Every winter during my early childhood, as soon as the school holidays began, we piled into the family car, packed to the gills with winter coats wrapped around an assortment of delectable treats from our favorite English purveyors of fine food — namely whole stilton’s, Christmas puddings and Brandy Butter from Fortnum & Mason — and made the very long, often-frigid trek from London, across the choppy English channel, the bleak landscape of northern France, through Paris, down the Route Nationale 6, turning east in Lyon to wind our way up the snow-covered mountain passes to my Grandparent’s home in the French Alps.
My memories of that time consist of a series of gustatory tableaux, each more elaborate than the next. The dinner table set with bone china, delicate crystal that glittered in the candlelight on embroidered linens and a procession of delicate dishes carried from the kitchen. It became apparent to me at an early age that holiday meals meant days of careful preparations, multiple shopping expeditions and hours in the kitchen. My grandmother orchestrated all of this with an apparent ease that belied the considerable task of feeding the hoards that descended on their house for the end of year festivities. Le réveillon (Christmas Eve dinner) was serious business and I longed to be part of the preparations. As soon as I was old enough I was entrusted with setting the table, under my grandmother’s careful supervision. I made decorations and wrote place cards. She was exacting and I strove to live up to her standards, not an easy task!
Every one of my grandparent’s children upheld these traditions and when my aunt and uncle took over the relay of hosting Le réveillon we all made a beeline for their home in St.Etienne. My uncle Yves, a jovial bon-vivant, would make everyone welcome, glass of wine in hand, homemade saucisson and pate on the kitchen table. Serious business needed attention he would say as he opened the back door of the kitchen to reveal 4 or 5 crates of oysters from Arcachon that had to be shucked. Everyone would gather around the table, tea towel in one hand, oyster shucker in the other and get to work regaling each other with stories of Christmas’s past. My aunt prepared the crushed ice for the platters and one by one the oysters would be laid out on their glistening beds. All their révillions began in this manner, followed by roasts with small potatoes cooked in duck fat, delicate green salads, platters of cheese and a grand Buche de Noel to cap it all off, each course paired with wines from their cellar. It was magical and I delighted in the rituals as much as the degustation.
Le réveillon finished in the early hours of the morning leaving precious little time for Christmas day preparations. We did not have Christmas stockings; instead each person placed a pair of shoes under or by the tree. You would have to wait until morning to see if your shoes had been filled with treats from Le Pere Noel (Father Christmas). One year I tiptoed down to the semi-dark living room after everyone had gone to sleep, to place my gifts in each person’s shoes. I was almost there when I realized that I was not alone. There was someone peering at the shoes, large bag in hand! Who could that be? I think I scared my grandmother more than she scared me. We both jumped, and then realizing whom it was, laughed out loud, only to shoosh each other lest we wake anyone else up. We played le Pere Noel together and reminisced about all the celebrations we had at her house and how we would decorate the tree with my grandfather. We talked about favorite dishes and sweet treats. We filled shoes side by side, then whispered bonne nuit to each other as we tiptoed back to our rooms. From that night on I felt as though I had become part of the fabric of our Reveillons and entrusted with preserving the traditions for future generations. Little did I know that this would happen sooner that I thought!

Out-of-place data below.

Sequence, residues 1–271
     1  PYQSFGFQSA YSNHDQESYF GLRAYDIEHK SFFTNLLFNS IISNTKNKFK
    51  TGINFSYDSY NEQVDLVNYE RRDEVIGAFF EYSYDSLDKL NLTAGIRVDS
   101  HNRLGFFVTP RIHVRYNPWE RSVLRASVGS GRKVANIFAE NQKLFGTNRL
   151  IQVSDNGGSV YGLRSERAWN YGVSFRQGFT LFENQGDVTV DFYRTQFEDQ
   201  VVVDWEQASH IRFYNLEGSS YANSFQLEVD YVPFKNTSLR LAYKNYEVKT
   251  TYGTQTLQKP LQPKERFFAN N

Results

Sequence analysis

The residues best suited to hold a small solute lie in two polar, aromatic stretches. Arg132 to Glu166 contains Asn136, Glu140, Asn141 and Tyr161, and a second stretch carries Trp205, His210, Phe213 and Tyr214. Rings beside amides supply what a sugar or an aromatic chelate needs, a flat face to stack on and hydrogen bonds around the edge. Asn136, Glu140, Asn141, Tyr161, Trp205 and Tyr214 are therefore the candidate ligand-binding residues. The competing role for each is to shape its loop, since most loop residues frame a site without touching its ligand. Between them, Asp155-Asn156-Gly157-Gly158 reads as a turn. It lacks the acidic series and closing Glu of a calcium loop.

Work brought me to California and the prospect of a balmy (read 80 degree) holiday season presented itself. What should we do? Do we serve the same meal? Can we find the same ingredients? ‘We’ were a bunch of French and ex-pat Brits (family and friends) living in Los Angeles. Shopping expeditions ensued, preparations made, tree trimmed, stockings replaced shoes by the tree, tables set, glasses polished, and wine chilled. We found smoked salmon and served it with toast and crÃ¨me fraiche. We poached a whole salmon paired with steamed potatoes. We found a Christmas pudding for dessert. The wine was from California and France. The meal reflected the eclectic nature of the guests.